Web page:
The U.S.–Japan Equivalency Agreement is now effective! Organic product certified in either the United States or Japan may now be sold as organic in either market. See the USDA Organic Insider announcement for more details about the agreement, partnership resources, a Q&A, and other resources for exporting and importing.
With the equivalency agreement, restrictions on humic acid and lignin sulfonate no longer apply for products shipped to Japan, and CCOF no longer asks for documentation regarding the use of these materials. CCOF has also removed anyone not directly exporting to Japan out of our GMA Japan Export program.
Only operations directly exporting to Japan need to be enrolled in our GMA Japan Export program. In addition to the equivalency, there is also a new option for applying the JAS seal, which is required on all organic plant and plant-based products sold in Japan. The JAS Seal Consignment Contract allows a U.S. exporter to apply the JAS seal directly to their NOP-certified products in the United States. By signing the JAS Seal Consignment Contract with a JAS certified importer, the U.S. exporter agrees to identify a responsible employee for the process, undergo some minor training, and maintain records of the number of seals applied for each shipment. For further details about the JAS Seal Consignment Contract process visit our Japan webpage.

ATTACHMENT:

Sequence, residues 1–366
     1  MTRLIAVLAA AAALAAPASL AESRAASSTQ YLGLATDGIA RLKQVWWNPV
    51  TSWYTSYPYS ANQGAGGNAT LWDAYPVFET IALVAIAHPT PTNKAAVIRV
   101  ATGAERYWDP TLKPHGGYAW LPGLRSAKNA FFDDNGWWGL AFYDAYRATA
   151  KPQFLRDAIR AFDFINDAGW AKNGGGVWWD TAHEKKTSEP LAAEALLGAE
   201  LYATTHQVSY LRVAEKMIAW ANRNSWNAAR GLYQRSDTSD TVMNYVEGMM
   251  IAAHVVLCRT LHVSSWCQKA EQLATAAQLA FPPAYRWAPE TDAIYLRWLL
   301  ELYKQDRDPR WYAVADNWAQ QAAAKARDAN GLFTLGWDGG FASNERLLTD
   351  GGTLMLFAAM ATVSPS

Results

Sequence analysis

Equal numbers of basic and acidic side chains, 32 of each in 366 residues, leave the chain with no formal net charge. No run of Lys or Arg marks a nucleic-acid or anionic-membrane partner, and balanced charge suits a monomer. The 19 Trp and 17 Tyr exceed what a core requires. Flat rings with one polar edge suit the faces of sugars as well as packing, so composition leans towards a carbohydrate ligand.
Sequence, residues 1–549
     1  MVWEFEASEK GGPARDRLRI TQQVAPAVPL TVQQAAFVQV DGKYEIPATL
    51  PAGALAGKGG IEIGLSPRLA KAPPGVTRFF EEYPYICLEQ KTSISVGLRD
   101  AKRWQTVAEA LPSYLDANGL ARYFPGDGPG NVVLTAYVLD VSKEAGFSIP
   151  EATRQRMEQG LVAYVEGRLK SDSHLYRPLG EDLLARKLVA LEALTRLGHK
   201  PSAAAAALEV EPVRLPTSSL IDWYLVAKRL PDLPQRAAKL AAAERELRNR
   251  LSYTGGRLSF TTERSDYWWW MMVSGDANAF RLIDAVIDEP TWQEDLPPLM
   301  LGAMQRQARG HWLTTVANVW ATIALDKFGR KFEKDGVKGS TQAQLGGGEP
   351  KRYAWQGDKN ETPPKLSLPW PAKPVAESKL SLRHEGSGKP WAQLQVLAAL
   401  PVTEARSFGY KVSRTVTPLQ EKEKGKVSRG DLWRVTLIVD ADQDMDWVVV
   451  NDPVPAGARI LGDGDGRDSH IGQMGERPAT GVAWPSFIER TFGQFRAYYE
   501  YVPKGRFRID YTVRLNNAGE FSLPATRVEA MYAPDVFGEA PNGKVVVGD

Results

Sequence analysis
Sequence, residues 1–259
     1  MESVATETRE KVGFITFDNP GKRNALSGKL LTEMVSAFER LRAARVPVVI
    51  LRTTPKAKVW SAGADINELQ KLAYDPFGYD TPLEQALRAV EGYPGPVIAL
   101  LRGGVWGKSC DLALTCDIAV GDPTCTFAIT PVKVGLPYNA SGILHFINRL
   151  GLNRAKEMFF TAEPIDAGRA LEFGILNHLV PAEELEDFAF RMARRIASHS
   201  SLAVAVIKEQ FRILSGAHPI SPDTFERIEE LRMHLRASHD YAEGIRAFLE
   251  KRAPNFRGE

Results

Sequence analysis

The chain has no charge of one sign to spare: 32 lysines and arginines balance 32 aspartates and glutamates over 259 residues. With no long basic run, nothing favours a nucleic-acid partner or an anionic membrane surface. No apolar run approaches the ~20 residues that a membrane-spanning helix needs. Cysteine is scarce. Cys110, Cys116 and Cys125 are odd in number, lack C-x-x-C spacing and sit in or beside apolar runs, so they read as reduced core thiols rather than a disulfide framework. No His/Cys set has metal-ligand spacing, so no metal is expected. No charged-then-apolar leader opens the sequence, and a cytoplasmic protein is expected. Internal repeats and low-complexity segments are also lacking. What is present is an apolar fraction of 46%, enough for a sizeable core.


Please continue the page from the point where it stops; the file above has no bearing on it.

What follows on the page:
Our export department is available to help facilitate a JAS Seal Consignment Contract and offer additional information on the agreement. Please contact email@example.com with any questions.
Korean officials announced in a January 2014 press release that the Korean import restrictions are extended for another six months. This “education period” will allow for the sale of U.S. organic product in Korea until July 1, 2014.
The education period is a time of non-enforcement of the new Korean standard. Korean distributors are allowed to sell U.S. organic product but may receive warnings that the product will no longer be allowed after the education period ends.
Korean officials also released a list of exempted ingredients, which can be exported to Korea without requiring certification to the standard. These ingredients are processed products that are not currently available in Korea. If you export one of the ingredients on this list as bulk product not meant for direct to consumer sale, you will not be affected by the Korean standard.
CCOF is also investigating certification options for the Korean standard. It appears that, unless the ingredients in the final product are on the list of exempted ingredients, the entire supply chain will require recertification.
During the education period, The National Organic Program and other agencies are working diligently on an equivalency arrangement with Korea, with the support and encouragement of CCOF. The Organic Trade Association has provided timely updates about the Korean standards and is a good source to follow the equivalency negotiations.
If you have interest in Korean certification, or have any questions, contact firstname.lastname@example.org.